Beyond the bearded coders and men in black suits was a trove of security best practices for enterprise IT.
The Black Hat conference convenes in Las Vegas each year to discuss the latest hacks, cracks, and IT security fissures. The crowd ranges from bearded coders wearing T-shirts emblazoned with arcane programming references to straight-backed, men-in-black CIA types lurking on the periphery. CIOs, even if the subject matter is among their least favorite, must pay attention to security.
1. Understand what you're protecting. The conventional IT security concepts of "behind the firewall" and "securing the perimeter" are outdated in a world of mobile devices and social networks. CIOs must take a hard look at what information they must make widely available versus the information they must restrict.
A compartment approach to security was one of the themes raised at Black Hat by former FBI executive assistant director (and now CrowdStrike president) Shawn Henry. Henry, whose keynote address was short on tactics and overly long on warnings about impending cyberwarfare, was right on the concept of protecting some data by not putting it into the generally available corporate data pool. For instance, should you make all of your company's customer data available for statistical analysis, or only the customer activity data (without identifying information) for the last year?
2. Read the fine print on cloud contracts. Remember those past controversies about software vendors' liabilities (or lack thereof) for the defects in their products? If you actually read those license documents, you would often find that the vendor's liability didn't extend beyond the cost of the software. So even if your company's intellectual property documentation suddenly went kaput because of a word processing glitch, the software vendor (if it was at all responsible) was only on the hook for the amount your company paid for the program.
As you move to include cloud services in your IT infrastructure, you must understand the vendor's security responsibilities and liabilities if someone hacks into your data. Licensing agreements may not be your idea of fun reading, but someone on your team must do this due diligence. There's some evidence that the move to cloud computing has slowed as executives investigate the technology, business, and legal ramifications.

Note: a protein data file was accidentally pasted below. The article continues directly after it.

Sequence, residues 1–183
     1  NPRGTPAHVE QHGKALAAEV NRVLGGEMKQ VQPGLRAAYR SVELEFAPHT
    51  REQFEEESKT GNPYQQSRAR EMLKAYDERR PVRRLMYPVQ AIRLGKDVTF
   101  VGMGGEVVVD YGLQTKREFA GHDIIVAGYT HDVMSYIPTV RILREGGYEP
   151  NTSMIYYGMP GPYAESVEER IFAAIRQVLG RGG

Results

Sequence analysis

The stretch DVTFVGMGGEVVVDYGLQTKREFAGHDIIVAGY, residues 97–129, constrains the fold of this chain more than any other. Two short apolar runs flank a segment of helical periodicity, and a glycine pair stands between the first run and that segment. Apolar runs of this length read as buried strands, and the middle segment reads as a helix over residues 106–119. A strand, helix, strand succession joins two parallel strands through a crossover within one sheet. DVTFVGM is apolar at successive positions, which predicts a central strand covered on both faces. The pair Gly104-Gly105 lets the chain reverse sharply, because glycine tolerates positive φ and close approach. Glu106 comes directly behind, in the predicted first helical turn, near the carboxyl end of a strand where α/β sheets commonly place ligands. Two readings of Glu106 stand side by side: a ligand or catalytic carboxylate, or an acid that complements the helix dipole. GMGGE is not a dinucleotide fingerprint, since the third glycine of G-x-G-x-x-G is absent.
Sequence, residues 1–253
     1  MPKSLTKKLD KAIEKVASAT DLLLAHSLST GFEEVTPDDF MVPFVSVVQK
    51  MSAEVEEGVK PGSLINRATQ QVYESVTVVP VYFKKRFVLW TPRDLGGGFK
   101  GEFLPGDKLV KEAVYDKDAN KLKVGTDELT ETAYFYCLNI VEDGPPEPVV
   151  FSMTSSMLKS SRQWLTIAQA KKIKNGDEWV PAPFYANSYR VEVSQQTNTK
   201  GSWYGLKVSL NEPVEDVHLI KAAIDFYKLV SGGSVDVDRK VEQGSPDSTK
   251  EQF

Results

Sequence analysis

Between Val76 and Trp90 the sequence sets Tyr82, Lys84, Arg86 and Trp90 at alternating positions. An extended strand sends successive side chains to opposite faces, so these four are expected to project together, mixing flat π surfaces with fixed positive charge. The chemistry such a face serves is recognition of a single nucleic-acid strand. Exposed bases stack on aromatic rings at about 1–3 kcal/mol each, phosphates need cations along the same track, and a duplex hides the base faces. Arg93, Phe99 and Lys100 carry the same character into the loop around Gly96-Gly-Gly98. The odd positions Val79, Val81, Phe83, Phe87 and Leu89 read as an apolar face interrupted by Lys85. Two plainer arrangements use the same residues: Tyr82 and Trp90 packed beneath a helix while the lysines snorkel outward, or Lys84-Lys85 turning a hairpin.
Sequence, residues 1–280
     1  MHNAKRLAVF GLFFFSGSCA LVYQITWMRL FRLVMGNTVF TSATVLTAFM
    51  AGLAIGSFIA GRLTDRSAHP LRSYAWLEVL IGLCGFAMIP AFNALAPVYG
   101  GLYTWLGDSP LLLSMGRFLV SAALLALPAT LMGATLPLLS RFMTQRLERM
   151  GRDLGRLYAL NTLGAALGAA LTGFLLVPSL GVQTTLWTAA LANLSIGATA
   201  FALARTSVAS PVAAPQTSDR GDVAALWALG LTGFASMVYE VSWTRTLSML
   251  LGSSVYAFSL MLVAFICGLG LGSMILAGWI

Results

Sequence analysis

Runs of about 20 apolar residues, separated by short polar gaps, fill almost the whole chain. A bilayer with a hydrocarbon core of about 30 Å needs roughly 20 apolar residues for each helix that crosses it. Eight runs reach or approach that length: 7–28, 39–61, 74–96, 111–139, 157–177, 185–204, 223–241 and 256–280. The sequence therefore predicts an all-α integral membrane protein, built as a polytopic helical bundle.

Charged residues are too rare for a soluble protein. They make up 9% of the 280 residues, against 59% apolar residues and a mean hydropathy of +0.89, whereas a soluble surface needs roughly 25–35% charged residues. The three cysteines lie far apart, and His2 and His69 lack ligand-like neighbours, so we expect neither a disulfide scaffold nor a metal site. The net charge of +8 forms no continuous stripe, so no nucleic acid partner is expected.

3. When it comes to mobile security, think backward. Smartphones were designed for an always-on, mobile world connected via myriad carrier networks and Wi-Fi hotspots. So smartphone vendors had to design security into the device from the start. Common on enterprise smartphones are application sandboxing, separation of the operating system from the user data, built-in encryption, and remote data wipe--technologies that often aren't on enterprise desktops and laptops.
CIOs are wise to look at the mobile security model as the goal for all of the organization's user devices, rather than hold off on deploying mobile devices out of security fears. This year's Black Hat included the first presentation by Apple on security aspects of the iPhone iOS software.
4. Developers and security professionals don't need to party together, but they sure do need to work together. Software development too often takes place in its own realm of user interfaces and rapid deployment, with security an afterthought. Security pros are consumed with patching past errors rather than spending time at the early stages of application design. "Developers are in charge," security researcher Dan Kaminsky said at Black Hat.
5. Data and physical security will come together--finally.The "Internet of Things" and machine-to-machine communications mean that not only is your data infrastructure at risk of being hacked, but also your heating, electrical, and numerous other physical systems. A hack of the familiar hotel keycard systems was one of the highlights at Black Hat.
InformationWeek Tech Digest, Nov. 10, 2014Just 30% of respondents to our new survey say their companies are very or extremely effective at identifying critical data and analyzing it to make decisions, down from 42% in 2013. What gives?